The CB & I welding crew returned to work the day after starting the fire. Company employees eventually received a bonus for completing the water tanks in fewer hours than originally projected.
Within the National Forest, some of the greatest fire damage occurred in San Francisquito Canyon. The fire burned “pretty much all” of the native chaparral and sage scrub vegetation in the Canyon, opening the door to invasive, nonnative plants that increase the risk of future fires. For example, the Copper Fire spread an infestation of Arundo donax—a highly invasive giant reed that grows as fast as eighteen inches per day, outcompetes native vegetation, and clogs waterways. The fire also created a serious flood hazard by destroying vegetation that normally intercepts the flow of rainwater and allows for filtration of the water into the soil. Cf. First English Evangelical Lutheran Church of Glendale v. Los Angeles Cnty., 482 U.S. 304, 307, 107 S.Ct. 2378, 96 L.Ed.2d 250 (1987) (discussing a July 1977 forest fire and resulting February 1978 flood in the Angeles National Forest). The Copper Fire increased the rates of sedimentation in the Canyon watershed by up to three times its normal amount. Much of San Francisquito Creek filled in with ash and dead trees.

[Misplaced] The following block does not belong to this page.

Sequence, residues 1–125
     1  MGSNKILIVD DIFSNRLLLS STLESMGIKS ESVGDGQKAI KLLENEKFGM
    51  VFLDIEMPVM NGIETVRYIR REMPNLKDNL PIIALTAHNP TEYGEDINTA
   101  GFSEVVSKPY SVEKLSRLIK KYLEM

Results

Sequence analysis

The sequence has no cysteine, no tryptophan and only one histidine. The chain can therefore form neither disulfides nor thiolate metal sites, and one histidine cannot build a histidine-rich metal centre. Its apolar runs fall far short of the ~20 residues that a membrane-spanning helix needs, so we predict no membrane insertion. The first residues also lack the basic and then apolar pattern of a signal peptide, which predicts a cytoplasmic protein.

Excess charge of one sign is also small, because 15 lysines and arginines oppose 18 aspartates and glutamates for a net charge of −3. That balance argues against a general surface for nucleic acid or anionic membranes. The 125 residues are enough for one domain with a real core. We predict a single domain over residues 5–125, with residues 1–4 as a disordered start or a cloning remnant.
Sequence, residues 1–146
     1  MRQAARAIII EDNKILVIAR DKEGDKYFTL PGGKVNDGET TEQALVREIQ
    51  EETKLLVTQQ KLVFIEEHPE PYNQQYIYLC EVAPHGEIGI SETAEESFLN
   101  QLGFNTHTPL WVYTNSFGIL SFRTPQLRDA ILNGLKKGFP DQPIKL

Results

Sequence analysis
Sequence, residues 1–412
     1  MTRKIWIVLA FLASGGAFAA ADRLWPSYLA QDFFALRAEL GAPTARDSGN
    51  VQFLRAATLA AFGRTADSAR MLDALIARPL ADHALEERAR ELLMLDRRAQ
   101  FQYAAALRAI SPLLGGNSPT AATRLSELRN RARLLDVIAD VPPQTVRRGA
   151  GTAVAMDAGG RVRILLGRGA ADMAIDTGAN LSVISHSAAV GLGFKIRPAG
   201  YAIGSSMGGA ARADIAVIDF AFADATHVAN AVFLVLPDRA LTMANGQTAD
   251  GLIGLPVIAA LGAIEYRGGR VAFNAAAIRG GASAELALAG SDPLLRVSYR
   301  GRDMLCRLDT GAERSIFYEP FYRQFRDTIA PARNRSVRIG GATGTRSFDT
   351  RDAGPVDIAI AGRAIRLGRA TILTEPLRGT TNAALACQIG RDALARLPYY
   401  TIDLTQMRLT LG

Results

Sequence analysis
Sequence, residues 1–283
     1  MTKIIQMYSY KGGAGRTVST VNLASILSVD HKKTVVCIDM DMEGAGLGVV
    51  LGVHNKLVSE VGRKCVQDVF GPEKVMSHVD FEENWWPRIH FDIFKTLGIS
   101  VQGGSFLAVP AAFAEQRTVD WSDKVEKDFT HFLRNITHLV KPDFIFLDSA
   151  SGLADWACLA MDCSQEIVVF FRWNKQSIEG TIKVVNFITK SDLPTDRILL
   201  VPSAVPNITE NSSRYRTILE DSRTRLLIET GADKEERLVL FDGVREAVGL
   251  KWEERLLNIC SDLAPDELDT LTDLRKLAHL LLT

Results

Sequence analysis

The U.S. Forest Service assembled a Burned Area Emergency Rehabilitation (“BAER”) team of specialists to coordinate immediate erosion control measures after the fire. The team included a hydrologist, soil scientist, botanist, biologist, and archeologist. Based on the team's recommendations, the Forest Service installed drainage on forest roads and built a large, 30,000 cubic-yard catchment basin to trap mudflow from denuded hillsides. The total cost of BAER work was about $530,000. The government also estimated about $515,000 in anticipated resource protection costs, such as manually removing Arundo dorax from about 40 burned acres and surveying and reestablishing boundary markers damaged by the fire.
In September 2002, as part of the BAER process, the Forest Service closed public access to areas where the National Forest most needed to recover. The Forest Service prohibited all users in these areas for one year, and horseback riders, bicycles, and off-road vehicles for two. Vegetation had regrown by roughly 40% when the closures ended in September 2004. However, researchers estimated it would take as long as 20 to 25 years for the National Forest to recover from the fire.